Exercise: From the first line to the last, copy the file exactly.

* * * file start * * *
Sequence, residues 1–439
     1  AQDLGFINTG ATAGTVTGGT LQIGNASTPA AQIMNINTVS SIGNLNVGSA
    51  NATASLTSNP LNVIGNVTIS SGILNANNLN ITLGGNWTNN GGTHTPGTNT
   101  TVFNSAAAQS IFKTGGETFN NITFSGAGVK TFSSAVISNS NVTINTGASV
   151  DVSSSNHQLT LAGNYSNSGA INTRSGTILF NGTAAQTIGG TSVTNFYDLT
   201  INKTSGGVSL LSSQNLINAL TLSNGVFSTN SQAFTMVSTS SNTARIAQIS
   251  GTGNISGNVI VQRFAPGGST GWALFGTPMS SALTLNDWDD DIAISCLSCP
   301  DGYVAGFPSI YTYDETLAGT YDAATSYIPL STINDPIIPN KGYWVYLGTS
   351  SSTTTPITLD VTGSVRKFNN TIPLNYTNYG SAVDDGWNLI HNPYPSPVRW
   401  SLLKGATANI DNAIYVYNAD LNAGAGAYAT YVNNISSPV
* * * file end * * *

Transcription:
Sequence, residues 1–439
     1  AQDLGFINTG ATAGTVTGGT LQIGNASTPA AQIMNINTVS SIGNLNVGSA
    51  NATASLTSNP LNVIGNVTIS SGILNANNLN ITLGGNWTNN GGTHTPGTNT
   101  TVFNSAAAQS IFKTGGETFN NITFSGAGVK TFSSAVISNS NVTINTGASV
   151  DVSSSNHQLT LAGNYSNSGA INTRSGTILF NGTAAQTIGG TSVTNFYDLT
   201  INKTSGGVSL LSSQNLINAL TLSNGVFSTN SQAFTMVSTS SNTARIAQIS
   251  GTGNISGNVI VQRFAPGGST GWALFGTPMS SALTLNDWDD DIAISCLSCP
   301  DGYVAGFPSI YTYDETLAGT YDAATSYIPL STINDPIIPN KGYWVYLGTS
   351  SSTTTPITLD VTGSVRKFNN TIPLNYTNYG SAVDDGWNLI HNPYPSPVRW
   401  SLLKGATANI DNAIYVYNAD LNAGAGAYAT YVNNISSPV